An Update on the Boston Bombings
After a very difficult week, police help get Boston back to normal
PHOTO: Bostonians have left flowers and cards at memorials for victims of the attack. (Kevork Djansezian / Getty Images)
MAP: The suspects are two brothers whose family is from Chechnya, a region in southern Russia. (Jim McMahon)
Last Monday, two bombs exploded near the finish line of the Boston Marathon, a famous race held every spring in Massachusetts. More than 170 people were injured, and three people died as a result of the explosions.
Authorities quickly found the two people thought to be responsible for the attack. The two suspects (people believed to have committed a crime) were brothers whose family is from Chechnya, a largely Muslim region in southern Russia. One of the two suspects was wounded during a gunfight with police and died in a hospital on Friday. The other was arrested later that day.
Police worked hard to locate the suspects. They identified the people behind the attack by looking at footage from video cameras at the marathon. Much of Boston and nearby towns were shut down to find the two suspects.
Governor Deval Patrick of Massachusetts thanked the city for being helpful and patient with law officers, who he also thanked for doing their job exceptionally well. "So much of who we are was exposed by this terrible tragedy, and if we remember that, then we're going to be okay," he told reporters.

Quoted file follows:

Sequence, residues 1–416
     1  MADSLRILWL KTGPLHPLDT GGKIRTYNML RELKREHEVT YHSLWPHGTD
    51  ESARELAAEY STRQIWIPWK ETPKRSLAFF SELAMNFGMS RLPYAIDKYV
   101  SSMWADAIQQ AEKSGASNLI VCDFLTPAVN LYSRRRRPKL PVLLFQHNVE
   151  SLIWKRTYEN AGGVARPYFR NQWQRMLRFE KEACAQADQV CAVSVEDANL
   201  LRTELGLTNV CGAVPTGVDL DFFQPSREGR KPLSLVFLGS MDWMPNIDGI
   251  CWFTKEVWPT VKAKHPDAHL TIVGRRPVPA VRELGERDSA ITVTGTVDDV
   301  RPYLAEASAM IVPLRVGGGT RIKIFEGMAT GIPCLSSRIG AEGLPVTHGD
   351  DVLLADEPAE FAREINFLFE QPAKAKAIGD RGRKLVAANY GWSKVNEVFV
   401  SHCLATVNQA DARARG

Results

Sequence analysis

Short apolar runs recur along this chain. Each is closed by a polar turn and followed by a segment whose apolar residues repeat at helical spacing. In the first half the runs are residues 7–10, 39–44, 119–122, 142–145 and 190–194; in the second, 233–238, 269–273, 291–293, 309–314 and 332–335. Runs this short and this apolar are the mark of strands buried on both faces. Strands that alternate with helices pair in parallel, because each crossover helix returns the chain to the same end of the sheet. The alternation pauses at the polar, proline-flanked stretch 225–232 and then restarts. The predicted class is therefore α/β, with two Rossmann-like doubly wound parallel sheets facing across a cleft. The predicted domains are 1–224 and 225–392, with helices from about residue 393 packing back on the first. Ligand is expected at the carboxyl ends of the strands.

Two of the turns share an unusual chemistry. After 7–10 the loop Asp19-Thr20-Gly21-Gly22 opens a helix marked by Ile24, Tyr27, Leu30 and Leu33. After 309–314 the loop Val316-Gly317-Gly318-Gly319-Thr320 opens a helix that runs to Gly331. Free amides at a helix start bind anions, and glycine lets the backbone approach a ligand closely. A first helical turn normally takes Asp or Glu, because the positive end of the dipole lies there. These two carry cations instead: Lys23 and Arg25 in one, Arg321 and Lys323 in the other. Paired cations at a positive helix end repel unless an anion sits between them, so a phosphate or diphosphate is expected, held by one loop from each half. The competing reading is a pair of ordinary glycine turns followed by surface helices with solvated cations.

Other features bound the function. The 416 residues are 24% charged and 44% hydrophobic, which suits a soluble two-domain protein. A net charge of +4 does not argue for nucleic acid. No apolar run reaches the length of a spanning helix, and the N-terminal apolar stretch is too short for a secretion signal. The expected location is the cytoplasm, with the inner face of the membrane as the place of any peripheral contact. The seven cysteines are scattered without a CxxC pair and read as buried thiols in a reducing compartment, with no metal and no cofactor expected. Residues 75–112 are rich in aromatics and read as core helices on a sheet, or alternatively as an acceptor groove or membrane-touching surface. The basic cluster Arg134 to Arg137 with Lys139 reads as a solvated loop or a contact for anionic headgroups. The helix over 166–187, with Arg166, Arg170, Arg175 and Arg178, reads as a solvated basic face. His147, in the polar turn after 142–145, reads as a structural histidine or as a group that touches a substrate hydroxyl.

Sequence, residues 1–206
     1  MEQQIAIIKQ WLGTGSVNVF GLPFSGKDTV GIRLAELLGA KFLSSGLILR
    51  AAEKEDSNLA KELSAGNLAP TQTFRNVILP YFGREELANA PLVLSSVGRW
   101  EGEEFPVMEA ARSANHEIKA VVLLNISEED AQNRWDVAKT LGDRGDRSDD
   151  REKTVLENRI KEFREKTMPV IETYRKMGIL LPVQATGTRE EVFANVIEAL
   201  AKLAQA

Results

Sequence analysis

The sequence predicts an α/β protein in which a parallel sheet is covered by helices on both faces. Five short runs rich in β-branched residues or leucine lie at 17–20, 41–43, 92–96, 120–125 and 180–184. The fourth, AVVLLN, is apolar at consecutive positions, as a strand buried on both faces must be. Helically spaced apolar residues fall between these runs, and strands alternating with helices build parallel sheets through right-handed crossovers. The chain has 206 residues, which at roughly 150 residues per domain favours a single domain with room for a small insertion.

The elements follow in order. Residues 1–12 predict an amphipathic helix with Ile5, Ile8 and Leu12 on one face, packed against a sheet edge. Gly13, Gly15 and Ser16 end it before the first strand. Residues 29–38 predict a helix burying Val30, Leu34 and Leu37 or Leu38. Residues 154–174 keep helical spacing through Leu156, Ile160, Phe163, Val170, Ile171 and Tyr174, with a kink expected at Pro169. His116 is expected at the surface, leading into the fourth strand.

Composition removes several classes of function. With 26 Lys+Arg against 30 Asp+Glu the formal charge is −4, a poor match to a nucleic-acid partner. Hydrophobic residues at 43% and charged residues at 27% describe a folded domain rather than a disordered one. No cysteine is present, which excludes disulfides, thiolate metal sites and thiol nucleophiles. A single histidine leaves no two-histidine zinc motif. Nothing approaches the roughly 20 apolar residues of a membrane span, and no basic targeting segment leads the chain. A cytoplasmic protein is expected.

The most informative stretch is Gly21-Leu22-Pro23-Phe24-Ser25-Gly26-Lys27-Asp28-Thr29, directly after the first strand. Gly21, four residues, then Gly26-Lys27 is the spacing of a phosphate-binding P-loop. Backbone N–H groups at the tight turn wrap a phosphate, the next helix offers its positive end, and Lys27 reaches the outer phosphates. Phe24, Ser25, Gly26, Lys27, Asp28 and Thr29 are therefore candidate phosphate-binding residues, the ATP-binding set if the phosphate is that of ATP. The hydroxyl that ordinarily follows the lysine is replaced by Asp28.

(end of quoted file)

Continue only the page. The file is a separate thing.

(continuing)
SECURING A CITY
Public violence of the kind that occurred in Boston is extremely rare. But emergency plans help keep people as safe as possible when things like this do happen.
The city of Boston was closed on Friday while law enforcement officials tried to find the men responsible for the bombings. To keep people safe, businesses and schools were closed, and Governor Patrick asked people to stay home. Public transportation into and out of the city was stopped so that police had a better chance of finding the suspects in the area.
President Obama spoke at a memorial held this week to remember the victims. "Your country is with you," he said. "We will all be with you as you learn to stand and walk and, yes, run again. Of that I have no doubt. You will run again."
TRAGEDY AT HISTORIC RACE
A marathon is a 26.2-mile footrace. This year, more than 23,000 runners participated in the Boston Marathon, which has been held every year since 1897. Runners come from all over the world to compete, and the event is a source of great pride and excitement for the city.
After the attacks, medical and emergency workers rushed to the area, where crowds of people had gathered to cheer the runners as they crossed the finish line. The remainder of the race was canceled.
Some of the runners who had already finished the race ran to nearby hospitals to donate blood for victims. The American Red Cross, a medical organization that helps out during disasters, quickly sent additional blood supplies to Boston hospitals.
“I’m supremely confident that Bostonians will pull together, take care of each other, and move forward as one proud city,” President Obama said last week. “And as they do, the American people will be with them every single step of the way.”
TEACHER AND PARENT RESOURCES
Below are links to information from child development experts about how best to talk with kids about violent events.